• Everything Trying to Kill You: Shouldn't there be some kind of warning on the transporter to let you know that you're beaming crew members into outer space?
  • Evil Red Head: Tommy, but finally subverted since they're all manipulated by Gorgan.
  • Fiery Red Head: Tommy
  • Five-Token Band: This episode plays it quite straight, with two white boys, one white girl (each with a surname from a different European ethnicity), one black boy and one Asian boy. Under the influence of Gorgan, they also count as Equal-Opportunity Evil.
  • Girlish Pigtails: Mary sports a golden pair.
  • Happier Home Movie: Believe it or not, this is instrumental in defeating the Big Bad! Captain Kirk shows the children tapes of them playing with their parents to remind them of the happy life they had before Gorgan the Friendly Angel corrupted them.
  • Hey, It's That Guy!: Tommy Starnes looks just like Kirk's nephew Peter from "Operation: Annihilate!"
  • I Know What You Fear: Gorgan taught the children the power of learning another person's fears and using the fears to disable and control them. The kids caused Sulu to see swords surrounding the Enterprise so he wouldn't change course, made Kirk afraid he was losing command of the Enterprise and used Uhura's fear of dying to prevent her from calling Starfleet Command. Incidentally, isn't it a bit strange that Sulu, who has shown fondness for swords and guns, should be afraid of knives?
    • There's a big difference between holding the sword yourself and flying through a tunnel of pointy swords all pointed at you, ready to stab, though.
  • Ironic Nursery Rhyme: The kids sing and play "Ring Around The Rosy" within sight of their dead parents. "We all fall down!" indeed. The tune is played again where ironically appropriate. The chant that the children use to summon Gorgan could fall under this trope as well. It's also a bit of an Ear Worm.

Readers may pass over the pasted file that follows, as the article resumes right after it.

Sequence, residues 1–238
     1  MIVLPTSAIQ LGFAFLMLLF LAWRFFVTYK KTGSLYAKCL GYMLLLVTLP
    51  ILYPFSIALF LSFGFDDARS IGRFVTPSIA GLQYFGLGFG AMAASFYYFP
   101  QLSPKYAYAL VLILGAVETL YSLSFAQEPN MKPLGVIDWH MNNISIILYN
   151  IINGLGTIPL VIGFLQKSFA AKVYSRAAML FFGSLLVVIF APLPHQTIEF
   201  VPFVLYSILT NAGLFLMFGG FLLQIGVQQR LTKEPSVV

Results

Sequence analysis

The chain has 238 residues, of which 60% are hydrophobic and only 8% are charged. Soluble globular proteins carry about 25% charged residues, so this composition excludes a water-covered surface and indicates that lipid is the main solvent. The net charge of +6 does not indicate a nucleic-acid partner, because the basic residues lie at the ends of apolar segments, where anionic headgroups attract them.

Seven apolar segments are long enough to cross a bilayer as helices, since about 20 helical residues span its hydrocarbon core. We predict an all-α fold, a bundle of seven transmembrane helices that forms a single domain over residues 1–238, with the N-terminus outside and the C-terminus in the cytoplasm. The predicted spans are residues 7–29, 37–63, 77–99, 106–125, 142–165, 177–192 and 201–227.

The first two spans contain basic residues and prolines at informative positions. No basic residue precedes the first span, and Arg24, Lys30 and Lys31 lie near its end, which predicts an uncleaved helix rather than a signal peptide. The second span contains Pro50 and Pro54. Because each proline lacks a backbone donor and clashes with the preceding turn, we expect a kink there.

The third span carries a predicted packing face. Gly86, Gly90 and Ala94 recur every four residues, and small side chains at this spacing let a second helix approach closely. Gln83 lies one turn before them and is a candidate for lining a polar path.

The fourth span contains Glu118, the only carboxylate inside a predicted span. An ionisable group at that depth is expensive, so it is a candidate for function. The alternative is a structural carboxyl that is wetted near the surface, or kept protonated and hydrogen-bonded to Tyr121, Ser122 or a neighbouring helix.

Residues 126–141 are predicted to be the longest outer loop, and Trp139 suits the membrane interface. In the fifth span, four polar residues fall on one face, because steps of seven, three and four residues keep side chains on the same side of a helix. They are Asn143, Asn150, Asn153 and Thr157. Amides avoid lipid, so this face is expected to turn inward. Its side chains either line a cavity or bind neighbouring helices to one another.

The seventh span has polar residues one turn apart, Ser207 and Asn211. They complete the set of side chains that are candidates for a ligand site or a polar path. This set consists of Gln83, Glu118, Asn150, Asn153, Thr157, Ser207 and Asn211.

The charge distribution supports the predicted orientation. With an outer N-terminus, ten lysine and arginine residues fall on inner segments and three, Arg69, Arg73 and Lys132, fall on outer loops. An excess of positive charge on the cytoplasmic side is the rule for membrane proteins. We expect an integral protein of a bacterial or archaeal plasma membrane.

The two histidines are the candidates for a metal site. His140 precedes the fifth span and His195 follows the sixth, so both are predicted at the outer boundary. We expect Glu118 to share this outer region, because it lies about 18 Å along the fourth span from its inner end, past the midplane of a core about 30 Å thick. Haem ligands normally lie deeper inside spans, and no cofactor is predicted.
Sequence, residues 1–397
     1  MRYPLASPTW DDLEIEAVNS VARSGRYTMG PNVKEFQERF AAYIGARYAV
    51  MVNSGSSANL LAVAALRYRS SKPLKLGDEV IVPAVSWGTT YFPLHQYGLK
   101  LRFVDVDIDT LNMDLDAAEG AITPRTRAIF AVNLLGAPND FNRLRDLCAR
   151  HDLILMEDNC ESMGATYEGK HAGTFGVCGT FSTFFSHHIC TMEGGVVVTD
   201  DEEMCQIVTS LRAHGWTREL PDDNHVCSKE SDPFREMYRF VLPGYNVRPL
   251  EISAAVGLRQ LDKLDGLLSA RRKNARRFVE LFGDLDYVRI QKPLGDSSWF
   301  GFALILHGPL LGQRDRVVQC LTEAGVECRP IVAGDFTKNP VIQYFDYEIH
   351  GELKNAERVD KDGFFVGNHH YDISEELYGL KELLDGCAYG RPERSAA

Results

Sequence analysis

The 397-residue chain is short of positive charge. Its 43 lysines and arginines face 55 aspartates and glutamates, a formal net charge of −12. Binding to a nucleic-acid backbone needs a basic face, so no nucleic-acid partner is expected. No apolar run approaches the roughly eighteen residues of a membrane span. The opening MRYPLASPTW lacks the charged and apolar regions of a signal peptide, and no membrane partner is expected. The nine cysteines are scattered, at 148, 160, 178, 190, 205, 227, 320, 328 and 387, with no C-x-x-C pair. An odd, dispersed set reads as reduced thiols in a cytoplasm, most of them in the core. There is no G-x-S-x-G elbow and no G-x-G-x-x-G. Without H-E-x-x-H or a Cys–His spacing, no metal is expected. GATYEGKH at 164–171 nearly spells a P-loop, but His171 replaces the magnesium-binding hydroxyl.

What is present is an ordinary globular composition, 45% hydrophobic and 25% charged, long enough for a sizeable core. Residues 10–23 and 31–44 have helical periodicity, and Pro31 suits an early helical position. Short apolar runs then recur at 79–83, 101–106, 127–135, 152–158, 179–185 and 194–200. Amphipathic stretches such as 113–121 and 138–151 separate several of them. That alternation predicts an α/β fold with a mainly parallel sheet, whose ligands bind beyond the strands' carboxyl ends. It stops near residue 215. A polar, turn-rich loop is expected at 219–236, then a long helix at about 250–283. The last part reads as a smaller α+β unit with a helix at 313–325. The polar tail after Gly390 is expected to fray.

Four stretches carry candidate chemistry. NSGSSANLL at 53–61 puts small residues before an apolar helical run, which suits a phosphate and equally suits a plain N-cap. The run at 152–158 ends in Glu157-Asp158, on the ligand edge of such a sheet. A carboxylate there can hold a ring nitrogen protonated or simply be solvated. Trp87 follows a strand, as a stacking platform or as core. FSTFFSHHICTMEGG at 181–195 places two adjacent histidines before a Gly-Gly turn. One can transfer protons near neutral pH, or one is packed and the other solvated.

• Kids Versus Adults: The kids have their own agenda and will not let adults stand in their way.
  • Mind Control: How the kids get adults to do what they want. Since pouting, saying "pretty please" or endlessly repeating "Will you take us to Markis 12? Will you take us to Markis 12? Will you take us to Markis 12...." doesn't always work.
  • Mouthy Kid: All the kids, but especially Mary.
  • The Mutiny: Caused by Mind Control, though more of the "too terrified to follow orders" rather than "actively fighting your CO" type.
  • Narm: Of all the gestures to indicate the kids' powers, they just had to go with the international symbol for masturbation.
  • Our Angels Are Different: Gorgan's not a very friendly angel, despite what the kids' rhyme would say. And what's with the Mylar dress?
  • Papa Wolf: Captain Kirk. He'll make kids cry if that's what it takes to make Gorgan lose power over them. Then he'll pick them up to reassure them while confronting the monster.